Always laugh every day, dress for the occasion, and never go to bed angry. Mantras and maxims of Wendie Malick’s grandmother, Helen Gucker, an opera singer who trained at the New England Conservatory of Music, Malick shares how she looked up to her grandmother, “one of the colorful characters in my life,” she says.
The award-winning actress and activist grew up in Buffalo, New York with a love for both observing and entertaining people. Malick’s parents and teachers supported and encouraged her career aspirations, helping to prepare Malick for her eventual learning experiences at Ohio Wesleyan and life after college. She looked at several Ohio schools before deciding on OWU.
“I immediately liked the vibe at OWU. In 1968, it was straddling tradition and anarchy. It was a perfect fit,” says Malick, who majored in fine arts and minored in theatre. She and her college friends remain close and still get together regularly to this day. But it was her professors, people like Bo Rabby whom she calls a “brilliant and tough acting teacher and director,” and Ebb Haycock, who inspired the fine artist leanings in her, who remain in Malick’s memory as her guideposts and mentors. After graduating from OWU, Malick worked for awhile as a Wilhelmina model, following that with her work for Buffalo’s Congressman Jack Kemp. But the theatre beckoned, and Malick moved on to secure the role of Judith Tupper Stone in the HBO comedy, “Dream On,” winning four Cable Ace Awards as Best Actress in a Comedy Series.
“It was my comedic breakthrough, for which I will be forever grateful,” Malick says, adding that she then was freed to be more of a character actor.
“There’s a fine line between drama and comedy,” she explains. “I see the humor in dark situations, perhaps as a coping mechanism. The loveliest compliments I receive are from people thanking me for making them laugh before they go to sleep at night.” Anyone who has watched Malick’s performance as fashion editor Nina Van Horn, the elegant but neurotic ex-model co-starring in the sitcom, “Just Shoot Me,” saw her comedic talents. She won a Golden Globe and two Emmy Award nominations as Best Supporting Actress in a Comedy Series. Currently shooting the fourth season of “Hot in Cleveland,” with co-stars Jane Leeves, Valerie Bertinelli, and Betty White, Malick continues with additional work in theatre and film, including “The American President,” “Adventureland,” and recently, “50-Nothing.” Malick’s love for the theatre draws her to New York to see new plays, whenever possible. “I do worry about the future of theatre,” she says, and believes we have to reinfuse theatre by bringing more young actors to the stage.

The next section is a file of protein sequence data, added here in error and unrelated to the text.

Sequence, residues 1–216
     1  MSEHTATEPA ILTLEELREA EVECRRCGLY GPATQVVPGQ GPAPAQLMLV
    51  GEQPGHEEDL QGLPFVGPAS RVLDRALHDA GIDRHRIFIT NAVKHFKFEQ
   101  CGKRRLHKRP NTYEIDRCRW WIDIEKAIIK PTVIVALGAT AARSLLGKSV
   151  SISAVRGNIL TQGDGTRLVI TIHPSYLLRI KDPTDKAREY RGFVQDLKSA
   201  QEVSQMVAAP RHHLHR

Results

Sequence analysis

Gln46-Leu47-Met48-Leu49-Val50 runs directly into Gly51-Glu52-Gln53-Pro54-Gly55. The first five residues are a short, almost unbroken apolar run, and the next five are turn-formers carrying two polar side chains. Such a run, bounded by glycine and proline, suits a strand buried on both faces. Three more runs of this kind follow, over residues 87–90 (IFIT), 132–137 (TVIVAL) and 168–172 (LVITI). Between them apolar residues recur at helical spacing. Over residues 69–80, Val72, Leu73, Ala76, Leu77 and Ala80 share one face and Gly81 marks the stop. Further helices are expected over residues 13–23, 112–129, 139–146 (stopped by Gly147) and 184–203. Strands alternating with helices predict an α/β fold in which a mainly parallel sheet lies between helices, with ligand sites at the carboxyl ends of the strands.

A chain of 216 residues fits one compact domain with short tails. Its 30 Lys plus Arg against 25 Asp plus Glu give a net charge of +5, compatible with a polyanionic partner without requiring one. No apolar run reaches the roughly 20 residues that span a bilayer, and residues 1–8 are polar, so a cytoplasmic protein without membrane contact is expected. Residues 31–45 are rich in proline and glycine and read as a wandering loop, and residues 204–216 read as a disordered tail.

As for TV favorites, Malick is drawn to HBO’s “The Newsroom,” which she likes because of the writing, acting, and relevance. Other favorites include the PBS series “Downtown Abbey,” and Comedy Central’s “The Daily Show.”
Sandwiched between her work, a medical complex in the Congo that she and husband Richard Erickson support, and taking care of their numerous horses, donkeys, and dogs, Malick has marched for women’s rights to make life choices and is the spokesperson for the Humane Society of the United States. She is particularly interested in the preservation of our country’s wild horses and their struggle for survival.
“I have a strong connection with animals,” shares Malick. “We communicate without words…they’re my soulmates,” says Malick. Also important to Malick is the need to be intentional in her life. Each day, she writes about three things for which she is grateful. And though not quite the same as her Grandmother Gucker’s maxims, these seem also to work well for Malick: Be extravagantly kind, don’t ever be afraid to laugh, and go outside and play.”